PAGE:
On another note, if you do find a lot of typos in a book, or you have something to say about the book that you don’t want to put in a review, go to the author’s page and email them. Indie authors are so much more accessible than traditional authors. And they love to hear from their readers!


Find the book reviewers on Amazon. Look for the top reviewers and offer them a free copy of your book in exchange for a review.

Choose reviewers who typically review books that are similar to yours. One post I read suggested targeting 100-300 reviewers. If only a few of those actually respond to you, you will at least get a few reviews for your effort.

Find book reviewers who blog reviews and ask them to review your book on Amazon (and on their blogs).

Read more about asking for book reviews here.

Include comments outside of Amazon. If someone tells you that they like your book or sends you an email telling you how much they liked your book, ask them to post those thoughts on Amazon. Or, if they don’t want to take the time to do that, ask them for permission to post their comments on your websites.

Ask family, friends, and colleagues to review your book. Some professionals caution against using reviews from family and friends. A bad review from your second cousin could cause some friction within the family. A glowing review from your mom could appear contrived and hurt your credibility. Ask family and friends to not mention who they are in the review and ask those who don’t like the book to just not leave a review at all.

Don’t harass anyone after asking once. Not everyone will like your book. Family and friends who don’t like the book should feel comfortable about just not leaving a review at all if they didn’t care for the book. Hopefully, they will tell you privately! If you are constantly saying, “Why didn’t you leave a review?” “Are you going to leave a review?” etc., you are going to make people uncomfortable. Ask once and move on.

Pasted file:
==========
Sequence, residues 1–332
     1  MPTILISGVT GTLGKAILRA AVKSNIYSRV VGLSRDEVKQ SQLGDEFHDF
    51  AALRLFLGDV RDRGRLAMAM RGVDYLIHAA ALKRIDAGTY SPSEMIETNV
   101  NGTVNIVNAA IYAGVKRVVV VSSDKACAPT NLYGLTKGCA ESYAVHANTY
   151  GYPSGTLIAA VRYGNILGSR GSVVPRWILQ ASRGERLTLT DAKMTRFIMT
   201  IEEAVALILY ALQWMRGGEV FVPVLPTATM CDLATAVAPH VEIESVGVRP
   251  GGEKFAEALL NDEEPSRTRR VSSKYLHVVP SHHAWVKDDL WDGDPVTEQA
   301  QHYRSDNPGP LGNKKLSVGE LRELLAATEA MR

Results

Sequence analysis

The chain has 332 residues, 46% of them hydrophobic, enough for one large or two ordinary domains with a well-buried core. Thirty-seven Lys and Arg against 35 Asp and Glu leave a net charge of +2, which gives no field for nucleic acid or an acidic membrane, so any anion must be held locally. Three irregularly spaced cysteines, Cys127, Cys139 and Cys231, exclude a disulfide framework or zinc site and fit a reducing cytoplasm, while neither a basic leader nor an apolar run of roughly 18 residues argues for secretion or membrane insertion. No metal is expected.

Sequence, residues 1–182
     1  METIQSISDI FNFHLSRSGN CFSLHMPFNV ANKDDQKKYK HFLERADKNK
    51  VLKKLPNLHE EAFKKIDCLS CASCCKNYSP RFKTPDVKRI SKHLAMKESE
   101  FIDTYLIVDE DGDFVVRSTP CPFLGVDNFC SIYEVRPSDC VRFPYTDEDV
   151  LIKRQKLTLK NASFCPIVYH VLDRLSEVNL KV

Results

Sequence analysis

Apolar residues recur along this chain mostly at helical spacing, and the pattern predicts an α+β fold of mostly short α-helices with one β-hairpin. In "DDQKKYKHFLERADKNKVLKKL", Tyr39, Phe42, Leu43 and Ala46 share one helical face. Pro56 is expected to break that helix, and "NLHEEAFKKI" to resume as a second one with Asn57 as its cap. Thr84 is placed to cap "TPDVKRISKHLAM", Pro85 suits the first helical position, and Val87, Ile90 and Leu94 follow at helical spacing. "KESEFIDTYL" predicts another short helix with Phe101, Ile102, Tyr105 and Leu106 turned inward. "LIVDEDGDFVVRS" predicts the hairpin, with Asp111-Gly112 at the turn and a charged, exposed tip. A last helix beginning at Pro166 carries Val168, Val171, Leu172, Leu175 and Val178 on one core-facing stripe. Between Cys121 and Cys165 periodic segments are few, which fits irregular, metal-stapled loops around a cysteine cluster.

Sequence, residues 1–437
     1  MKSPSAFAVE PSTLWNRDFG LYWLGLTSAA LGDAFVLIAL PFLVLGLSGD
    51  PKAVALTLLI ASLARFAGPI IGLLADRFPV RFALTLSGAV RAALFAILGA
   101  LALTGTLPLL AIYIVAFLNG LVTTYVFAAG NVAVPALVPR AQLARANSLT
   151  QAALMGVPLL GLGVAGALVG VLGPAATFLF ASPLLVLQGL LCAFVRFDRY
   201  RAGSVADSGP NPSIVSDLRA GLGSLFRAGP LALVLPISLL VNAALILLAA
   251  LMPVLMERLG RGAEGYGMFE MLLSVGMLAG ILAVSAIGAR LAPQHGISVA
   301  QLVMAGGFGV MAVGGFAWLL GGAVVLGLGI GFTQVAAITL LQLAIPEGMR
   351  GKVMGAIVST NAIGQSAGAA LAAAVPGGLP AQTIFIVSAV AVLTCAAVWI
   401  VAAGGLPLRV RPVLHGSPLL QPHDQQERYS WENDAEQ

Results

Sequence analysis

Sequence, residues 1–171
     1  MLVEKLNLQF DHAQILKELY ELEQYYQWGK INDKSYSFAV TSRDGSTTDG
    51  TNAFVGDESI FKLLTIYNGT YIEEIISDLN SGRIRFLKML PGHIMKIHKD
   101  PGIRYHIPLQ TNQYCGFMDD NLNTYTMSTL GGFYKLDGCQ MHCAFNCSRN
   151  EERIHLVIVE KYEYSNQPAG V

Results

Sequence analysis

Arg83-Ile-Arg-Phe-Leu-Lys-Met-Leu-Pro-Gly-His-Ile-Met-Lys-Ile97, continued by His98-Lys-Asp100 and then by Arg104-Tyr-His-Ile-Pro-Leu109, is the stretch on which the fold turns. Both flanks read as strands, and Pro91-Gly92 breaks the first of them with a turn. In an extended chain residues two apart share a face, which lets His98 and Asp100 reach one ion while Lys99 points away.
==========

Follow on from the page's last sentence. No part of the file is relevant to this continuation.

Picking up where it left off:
Don’t respond to negative reviews. It is hard! Resist the temptation, or at the very least, be professional when responding. Twice now I have received sarcastic comments rather than a book review. I answered both of them. The first time I answered back sarcastically. I know I shouldn’t have, but I couldn’t resist. The second time I just ignored the guy. It wasn’t easy.

Report people who don’t leave a review but just comment with something totally irrelevant. Unfortunately, there are many people out there who never learned that it is actually NOT acceptable to say whatever you are thinking. Report them and let it go.

An excellent post about Amazon book reviews is here.

And finally, if you purchased one of my books, please consider popping over and leaving a review for me!

Thank you!

Tales of the Brooklyn Hobo is a haunting and engaging tale of the adventures of a Brooklyn man who sets out to explore the country and finds heartache, wonder, and a new sense of self in the Age of Aquarius. Tales of the Brooklyn Hobo chronicles Alex’s adventures as he hops a freight train in Nebraska, is harassed by the federales in Mexico, has a gun pulled on him by a tearful Oregonian cowboy, encounters God while tripping on LSD at Woodstock, and finds love in all the wrong places. Intermixed in the narrative of the past are journal entries (called Night Flights), which address the author’s struggle with Bipolar Disorder and drug addiction.



Summer Learning: Creative Ideas and Tools to Keep Your Child Learning All Summer Long